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How 'Flora & Ulysses' transformed a squirrel into a superhero while 'keeping it squirrel'

The time has come for even the common squirrel to step up into movie superhero stardom.

In "Flora & Ulysses" (streaming Friday on Disney+), young human Flora (Matilda Lawler) saves a squirrel's life, only to find the food-crazy mammal, dubbed Ulysses, has extraordinary powers. 

It was a tough nut to keep the squirrel grounded in some sense of reality – in keeping with the character from the beloved Newbery Medal-winning 2013 children's book "Flora & Ulysses" – while also making Ulysses a bona fide hero with powers of flight, the ability to comprehend humans and the desire to fight injustice.

"I wanted Ulysses to be a legit, hard-core force of nature," says director Lena Khan. "It had to be like, 'I can buy into this superhero.' "

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Ulysses the squirrel takes flight in Disney+'s "Flora & Ulysses."

The squirrel family has already received major PR boosts with viral internet moments showing off their remarkable physical powers – such as YouTuber Mark Rober's backyard Ninja Warrior squirrel obstacle course and a Reddit phenom featuring photos of the critters in a three-point squirrel stance, suggesting an awesome Iron Man landing.

That power pose really stuck with Khan during her research for the family comedy. Ulysses assumes the position after his first flight and on the film's poster.

"You see Spider-Man and it’s all about how he looks when he’s hanging from a pole," she says. "So that three-point landing is one of the movie's key positions. And squirrels do that pose."

Squirrels strike the posture when grooming in a still position, not when touching down, says Mikel Delgado, an animal behaviorist at the University of California, Berkeley. All four legs are needed for landing from often-impressive jumps and other breathtaking acrobatics.

"Squirrels are physically amazing," says Delgado. "When you think about what they have evolved to do, they are leaping from tree to tree without touching the ground. Their true superpowers are navigating through trees, along with burying seeds and remembering where they buried them."

"Flora & Ulysses" filmmakers initially considered incorporating real squirrels, visiting an animal training facility for an exploratory audition. "They jumped on me, they climbed, they did flips," says Khan. "But they couldn’t do everything we wanted for Ulysses."

Ulysses makes a heroic landing after flying through the air. Real squirrels strike the same pose -- when scratching.

The filmmakers decided to go computer-generated and mulled more than 200 squirrel species for the coveted role. Khan turned down the ubiquitous gray squirrel ("Doesn't look like he’s going to go saving people") and the black squirrel common in Canada ("Doesn’t have the pizzazz").

The star-making part went to the Eurasian red squirrel and its tell-tale fur-plumed ears. 

"He's a unicorn among horses, with a physique that befits a superhero. The red squirrel shows that and Ulysses' savvy personality," says Khan.  "And I wanted those Batman ears."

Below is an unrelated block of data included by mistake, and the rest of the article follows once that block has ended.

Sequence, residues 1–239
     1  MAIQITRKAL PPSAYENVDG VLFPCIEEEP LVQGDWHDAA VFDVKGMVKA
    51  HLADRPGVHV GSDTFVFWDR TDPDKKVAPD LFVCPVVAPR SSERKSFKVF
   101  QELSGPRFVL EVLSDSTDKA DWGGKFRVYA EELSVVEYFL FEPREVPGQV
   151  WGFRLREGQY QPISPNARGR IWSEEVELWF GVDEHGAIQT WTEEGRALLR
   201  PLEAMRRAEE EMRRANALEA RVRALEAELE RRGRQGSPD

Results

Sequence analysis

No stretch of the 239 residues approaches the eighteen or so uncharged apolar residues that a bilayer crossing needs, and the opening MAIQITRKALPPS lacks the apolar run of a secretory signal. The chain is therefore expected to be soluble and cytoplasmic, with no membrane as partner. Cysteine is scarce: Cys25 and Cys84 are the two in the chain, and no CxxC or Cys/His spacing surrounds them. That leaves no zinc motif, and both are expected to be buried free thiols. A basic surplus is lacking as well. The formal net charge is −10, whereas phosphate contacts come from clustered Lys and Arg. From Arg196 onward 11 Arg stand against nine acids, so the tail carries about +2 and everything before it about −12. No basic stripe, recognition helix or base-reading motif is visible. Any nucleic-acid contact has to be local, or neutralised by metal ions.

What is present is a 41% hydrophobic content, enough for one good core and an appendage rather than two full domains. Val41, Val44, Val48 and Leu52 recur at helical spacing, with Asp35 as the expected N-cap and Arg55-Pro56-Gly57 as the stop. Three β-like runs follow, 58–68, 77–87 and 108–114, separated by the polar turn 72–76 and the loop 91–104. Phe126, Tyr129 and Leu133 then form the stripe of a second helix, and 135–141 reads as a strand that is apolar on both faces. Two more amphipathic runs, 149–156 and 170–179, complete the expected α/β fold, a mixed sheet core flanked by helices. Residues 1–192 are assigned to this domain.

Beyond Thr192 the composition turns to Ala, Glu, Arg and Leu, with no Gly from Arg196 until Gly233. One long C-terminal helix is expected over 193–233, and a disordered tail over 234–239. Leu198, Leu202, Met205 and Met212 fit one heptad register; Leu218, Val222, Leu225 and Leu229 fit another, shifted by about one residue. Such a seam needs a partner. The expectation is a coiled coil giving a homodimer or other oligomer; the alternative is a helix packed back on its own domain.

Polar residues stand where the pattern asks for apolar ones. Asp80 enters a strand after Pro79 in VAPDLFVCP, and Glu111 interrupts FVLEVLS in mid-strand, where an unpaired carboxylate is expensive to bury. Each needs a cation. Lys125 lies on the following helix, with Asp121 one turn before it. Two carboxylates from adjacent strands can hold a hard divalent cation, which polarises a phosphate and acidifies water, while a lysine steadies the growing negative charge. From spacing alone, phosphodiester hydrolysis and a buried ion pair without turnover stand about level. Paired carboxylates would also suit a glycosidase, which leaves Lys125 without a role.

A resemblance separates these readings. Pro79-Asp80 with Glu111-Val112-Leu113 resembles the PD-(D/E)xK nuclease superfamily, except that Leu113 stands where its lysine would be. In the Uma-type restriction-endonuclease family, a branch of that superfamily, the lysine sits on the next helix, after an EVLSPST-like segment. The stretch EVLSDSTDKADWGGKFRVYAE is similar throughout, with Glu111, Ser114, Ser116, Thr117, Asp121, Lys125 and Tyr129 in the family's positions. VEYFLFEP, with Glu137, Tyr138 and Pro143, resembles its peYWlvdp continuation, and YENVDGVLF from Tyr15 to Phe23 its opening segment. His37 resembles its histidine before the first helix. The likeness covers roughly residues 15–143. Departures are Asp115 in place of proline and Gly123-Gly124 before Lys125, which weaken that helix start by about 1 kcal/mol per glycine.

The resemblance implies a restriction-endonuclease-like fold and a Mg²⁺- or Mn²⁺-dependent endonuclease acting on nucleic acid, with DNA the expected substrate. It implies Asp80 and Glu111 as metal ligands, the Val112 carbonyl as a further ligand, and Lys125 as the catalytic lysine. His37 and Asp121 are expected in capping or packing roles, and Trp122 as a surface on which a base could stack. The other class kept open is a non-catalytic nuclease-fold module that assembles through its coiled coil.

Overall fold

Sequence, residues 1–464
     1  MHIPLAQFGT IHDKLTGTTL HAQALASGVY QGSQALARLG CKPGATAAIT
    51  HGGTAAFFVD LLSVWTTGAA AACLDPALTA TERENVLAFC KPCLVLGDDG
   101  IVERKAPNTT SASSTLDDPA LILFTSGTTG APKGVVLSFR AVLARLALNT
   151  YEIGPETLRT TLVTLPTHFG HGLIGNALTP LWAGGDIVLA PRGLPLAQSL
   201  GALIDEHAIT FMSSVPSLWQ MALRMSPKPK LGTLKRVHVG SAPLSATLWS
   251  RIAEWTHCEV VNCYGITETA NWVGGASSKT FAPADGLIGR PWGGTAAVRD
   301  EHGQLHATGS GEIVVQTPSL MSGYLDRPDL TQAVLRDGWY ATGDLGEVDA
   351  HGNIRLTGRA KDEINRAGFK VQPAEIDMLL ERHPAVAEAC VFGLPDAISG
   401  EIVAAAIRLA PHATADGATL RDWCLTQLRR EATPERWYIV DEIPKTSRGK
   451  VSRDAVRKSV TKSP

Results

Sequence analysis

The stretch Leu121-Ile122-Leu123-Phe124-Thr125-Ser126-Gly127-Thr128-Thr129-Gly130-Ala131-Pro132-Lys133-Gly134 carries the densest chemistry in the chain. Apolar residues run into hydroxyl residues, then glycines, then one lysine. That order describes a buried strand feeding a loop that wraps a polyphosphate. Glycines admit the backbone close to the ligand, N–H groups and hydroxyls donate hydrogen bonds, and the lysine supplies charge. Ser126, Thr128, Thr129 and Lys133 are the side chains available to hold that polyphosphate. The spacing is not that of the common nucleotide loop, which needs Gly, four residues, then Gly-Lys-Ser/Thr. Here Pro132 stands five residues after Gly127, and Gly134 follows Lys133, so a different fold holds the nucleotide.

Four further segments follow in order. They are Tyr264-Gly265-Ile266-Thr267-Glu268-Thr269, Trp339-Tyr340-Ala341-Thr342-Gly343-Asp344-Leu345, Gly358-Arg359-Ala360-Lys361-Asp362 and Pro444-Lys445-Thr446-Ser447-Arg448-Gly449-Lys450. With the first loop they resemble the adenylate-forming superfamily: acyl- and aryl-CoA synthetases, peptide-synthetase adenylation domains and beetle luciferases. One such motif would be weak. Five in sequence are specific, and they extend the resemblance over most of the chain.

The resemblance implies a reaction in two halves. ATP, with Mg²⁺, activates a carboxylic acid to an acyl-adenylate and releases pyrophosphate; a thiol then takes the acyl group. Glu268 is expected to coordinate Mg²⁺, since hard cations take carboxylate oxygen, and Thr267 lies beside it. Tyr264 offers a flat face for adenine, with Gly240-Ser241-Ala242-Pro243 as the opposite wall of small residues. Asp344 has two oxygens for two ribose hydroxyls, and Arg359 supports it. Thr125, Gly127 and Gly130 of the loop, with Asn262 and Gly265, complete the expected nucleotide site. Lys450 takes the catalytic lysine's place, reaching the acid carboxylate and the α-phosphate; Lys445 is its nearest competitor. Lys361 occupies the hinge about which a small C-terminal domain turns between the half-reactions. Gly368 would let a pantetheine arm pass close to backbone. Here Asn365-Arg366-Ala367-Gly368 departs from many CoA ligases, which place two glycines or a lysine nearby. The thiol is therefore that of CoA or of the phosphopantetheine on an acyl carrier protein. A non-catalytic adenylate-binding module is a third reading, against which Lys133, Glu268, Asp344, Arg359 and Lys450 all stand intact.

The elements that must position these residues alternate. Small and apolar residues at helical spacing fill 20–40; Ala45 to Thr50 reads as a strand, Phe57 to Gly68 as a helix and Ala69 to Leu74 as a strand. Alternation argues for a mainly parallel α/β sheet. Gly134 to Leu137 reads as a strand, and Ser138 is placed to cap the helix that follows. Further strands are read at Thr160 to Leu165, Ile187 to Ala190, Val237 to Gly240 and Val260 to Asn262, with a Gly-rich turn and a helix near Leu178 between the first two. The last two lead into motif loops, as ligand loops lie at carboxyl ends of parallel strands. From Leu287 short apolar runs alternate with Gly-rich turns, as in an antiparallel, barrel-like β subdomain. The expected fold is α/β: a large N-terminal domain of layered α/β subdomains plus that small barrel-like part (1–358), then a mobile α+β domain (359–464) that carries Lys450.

The red squirrel was scaled up for size and had to be revised after the initial design: The original Ulysses was too fond of food. The squirrel was sent to boot camp.

"Earlier designs made him a little bit too chubby. (We wanted) Ulysses after he's worked out and trained for the role," Khan says of the final concept art. "There’s a lot of fatty squirrels, but we couldn’t let our squirrel be like that. He's got some muscles."

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"This is Ulysses after he's worked out and trained for the role," says director Lena Khan of concept art for the superhero squirrel. "He has a hint of the muscularity that we would definitely expand upon once we got to the CGI build." Khan points out that the squirrel "has a certain amount of heroic focus in his eyes." Either that, or there's a doughnut nearby.

Creating the hero squirrel was a months-long process for the Los Angeles Framestore studio that outlasted filming. The film's actors played off formless puppets standing in for Ulysses, but were aided by handling real rodents. Lawler worked with domesticated rats to get used to dealing with her character's squirrel BFF.

"Matilda would take them home and care for them," Khan says of the rats. "They gave an idea of what it was like to care for live animals and helped her get used to the way a live critter crawls up your arms. That helped her performance."

Veteran voice actor John Kassir, who chittered as the raccoon Meeko in Disney's 1995 animated film "Pocahontas," was daunted voicing his first screen squirrel, without human words. "Ulysses is carrying the movie. You needed this character to come to life – all while walking the line between communicating to humans and still keeping it squirrel," he says.

Relying on his own experience observing the critters around his home, Kassir threw out what became "squirrel jazz" in the studio, bridging the gap between human emotions and realistic squirrel sounds. Khan loved it, especially his squirrel munching.

"Ulysses eats with a tremendous amount of satisfaction, and if ever someone could find 10 different ways to eat in squirrel language, John did," says Khan.

The director turned into a squirrel fan girl watching Ulysses soar on a big screen for the first time.

"Ulysses came to life, it was so exciting," says Khan. "You could see the wind going through his fur when he flies. You could see the food debris on the whiskers and the tiny glint in his eyes."

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